Where does Jeenu fit with each person’s idea of family? Jeenu is a disruption to Ryan’s concept of the family which Ryan has defined as having a sister who is married, and a sister-in-law he considers a friend, and includes his mom. Jeenu is a disruption to Ash’s life goals, until she finds she cares more about him than about her previous goals. Jeenu fills Robin’s desire for a child, but not in the way she had hoped or expected, so she is confused. Jeenu is a regret for Peter who now wants him back to fill some not completely clear role in his life.

What about the disruption to Jeenu’s life? He is the outsider brought into a new environment — over and over again. His first reaction when being left by Peter, Sr. is to resist being left. Yet, Peter, Sr. ignored Jeenu’s name, assuming he knew it, and called the child Peter, Jr. He erased Jeenu’s identity, and wolf says at one point that Peters are not 100% trustworthy. Even though Peter erased it, Jeenu held onto his name, and uttered it when he found a member of his pack — Ash. Jeenu’s adoption by Robin and Ash is at least the second disruption in his life — the first when he was adopted by Peter and Katie — and we don’t know what his environment was prior to the adoption by Peter and Katie. He may have been taken from his family of origin when he was old enough to be aware of it, or he may have been in an orphanage from the time he was too young to remember any other situation. In any case, it is no wonder he “observes and calculates” constantly. Who knows when the next change will come — and, sad to say, it does, when he is put in the custody of the state.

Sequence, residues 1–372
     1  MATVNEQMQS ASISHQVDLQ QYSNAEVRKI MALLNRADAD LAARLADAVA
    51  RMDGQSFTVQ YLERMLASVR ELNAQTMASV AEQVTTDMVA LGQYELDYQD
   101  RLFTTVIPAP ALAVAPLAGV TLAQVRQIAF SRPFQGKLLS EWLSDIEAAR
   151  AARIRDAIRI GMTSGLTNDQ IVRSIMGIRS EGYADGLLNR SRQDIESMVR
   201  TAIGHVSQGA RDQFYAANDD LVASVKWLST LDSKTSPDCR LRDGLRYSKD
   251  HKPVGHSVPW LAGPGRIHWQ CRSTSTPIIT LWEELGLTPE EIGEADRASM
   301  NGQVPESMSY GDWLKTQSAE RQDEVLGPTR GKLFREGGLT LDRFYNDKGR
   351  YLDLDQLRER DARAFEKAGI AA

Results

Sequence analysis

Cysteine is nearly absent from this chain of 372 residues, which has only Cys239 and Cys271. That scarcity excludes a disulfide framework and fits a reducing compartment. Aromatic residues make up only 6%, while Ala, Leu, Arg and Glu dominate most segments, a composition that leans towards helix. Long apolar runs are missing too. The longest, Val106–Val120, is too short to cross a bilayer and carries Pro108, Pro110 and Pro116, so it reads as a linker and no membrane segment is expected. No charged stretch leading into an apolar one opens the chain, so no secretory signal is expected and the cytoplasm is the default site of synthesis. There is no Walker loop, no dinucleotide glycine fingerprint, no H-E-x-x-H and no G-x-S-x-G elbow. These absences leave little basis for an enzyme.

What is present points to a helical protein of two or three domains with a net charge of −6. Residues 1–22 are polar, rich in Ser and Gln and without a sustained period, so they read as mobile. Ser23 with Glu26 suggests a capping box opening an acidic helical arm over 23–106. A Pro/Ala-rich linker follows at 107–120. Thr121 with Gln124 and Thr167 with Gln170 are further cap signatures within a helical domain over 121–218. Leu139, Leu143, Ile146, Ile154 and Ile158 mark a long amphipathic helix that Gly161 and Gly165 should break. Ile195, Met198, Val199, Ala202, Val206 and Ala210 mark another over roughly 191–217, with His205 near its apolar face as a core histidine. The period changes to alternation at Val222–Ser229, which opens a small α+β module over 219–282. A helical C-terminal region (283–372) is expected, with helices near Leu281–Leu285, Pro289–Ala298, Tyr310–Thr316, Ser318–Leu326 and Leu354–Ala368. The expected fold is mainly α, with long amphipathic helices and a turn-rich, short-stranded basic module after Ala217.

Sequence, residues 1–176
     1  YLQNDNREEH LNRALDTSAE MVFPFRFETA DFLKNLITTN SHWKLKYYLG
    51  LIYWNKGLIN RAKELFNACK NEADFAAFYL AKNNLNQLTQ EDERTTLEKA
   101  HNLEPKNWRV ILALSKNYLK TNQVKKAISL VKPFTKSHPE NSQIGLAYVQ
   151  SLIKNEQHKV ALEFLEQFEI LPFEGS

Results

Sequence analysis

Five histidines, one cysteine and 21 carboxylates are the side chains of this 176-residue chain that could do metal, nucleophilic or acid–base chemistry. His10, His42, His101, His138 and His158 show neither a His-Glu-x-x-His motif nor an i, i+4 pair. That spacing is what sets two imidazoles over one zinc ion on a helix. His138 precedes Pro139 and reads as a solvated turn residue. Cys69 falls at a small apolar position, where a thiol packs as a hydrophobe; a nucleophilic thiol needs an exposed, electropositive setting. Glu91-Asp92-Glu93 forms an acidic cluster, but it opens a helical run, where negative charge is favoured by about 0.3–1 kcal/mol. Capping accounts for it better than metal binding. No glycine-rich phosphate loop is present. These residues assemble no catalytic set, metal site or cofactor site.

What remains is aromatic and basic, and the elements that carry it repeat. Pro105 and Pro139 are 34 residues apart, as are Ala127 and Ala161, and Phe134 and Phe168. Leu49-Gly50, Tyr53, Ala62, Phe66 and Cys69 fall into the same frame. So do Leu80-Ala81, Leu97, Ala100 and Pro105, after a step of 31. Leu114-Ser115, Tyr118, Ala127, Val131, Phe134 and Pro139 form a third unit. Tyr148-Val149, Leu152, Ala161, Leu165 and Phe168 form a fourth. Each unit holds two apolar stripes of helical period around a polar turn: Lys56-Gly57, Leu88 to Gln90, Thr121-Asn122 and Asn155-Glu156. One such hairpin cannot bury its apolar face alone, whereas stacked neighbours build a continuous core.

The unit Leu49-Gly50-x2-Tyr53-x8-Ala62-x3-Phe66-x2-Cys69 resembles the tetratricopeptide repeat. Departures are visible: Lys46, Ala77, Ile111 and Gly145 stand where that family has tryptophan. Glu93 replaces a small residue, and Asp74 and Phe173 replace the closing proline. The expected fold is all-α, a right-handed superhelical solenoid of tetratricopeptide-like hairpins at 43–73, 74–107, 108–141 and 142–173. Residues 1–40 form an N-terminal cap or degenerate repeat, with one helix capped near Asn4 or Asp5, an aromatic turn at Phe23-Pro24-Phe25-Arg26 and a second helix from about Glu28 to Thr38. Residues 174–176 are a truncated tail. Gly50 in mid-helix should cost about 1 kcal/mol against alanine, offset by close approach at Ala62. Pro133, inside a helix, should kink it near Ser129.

I found Ash’s fight bout scene very powerful emotionally. In this scene the whole family is participating as a family — Ash is at the center in an important battle she will win or lose, and winning it means fulfilling her role as breadwinner. Ryan is guiding her through the fight, and rooting for her. Robin and Jeenu are cheering her on, supporting her. When Jeenu sees Ash being harmed, he takes on the role of parent/protector even though he is a child. He has decided that Ash is in his pack, or he is in hers. This act separates him completely from Ryan, which was not necessarily Jeenu’s intention, but protecting Ash was, for Jeenu, primary, and primal.

I found the Wolf’s comment that “The wolf stays quiet, but hears everything” very powerful for a couple of reasons. First, this may be the first rule of survival for the wolf whose environment keeps changing dramatically. Staying quiet, hearing everything, allows him to observe and calculate, and survive. Second, hearing everything when adults don’t think the kids are listening, is what kids do. They listen when you don’t think they are, and then ask about, or repeat back to you, something they heard that stayed on their mind. Sometimes it’s amusing, sometimes it’s embarrassing, sometimes it’s not said, but shows up in behavior. The comment about staying quiet, but hearing everything, is about being a wolf, but it’s also about being a child.

TABLE|ROOM|STAGE (T|R|S) was established in 2015 and is Artists Rep’s new play program whose mission is to develop and produce new work that vividly expresses Artists Rep’s aesthetic values.

We focus on work by writers of color, women, LGBTQIA+ and gender nonconforming writers, and offer an environment where these playwrights can create provocative, intimate new theatre pieces that challenge, illuminate, and inspire.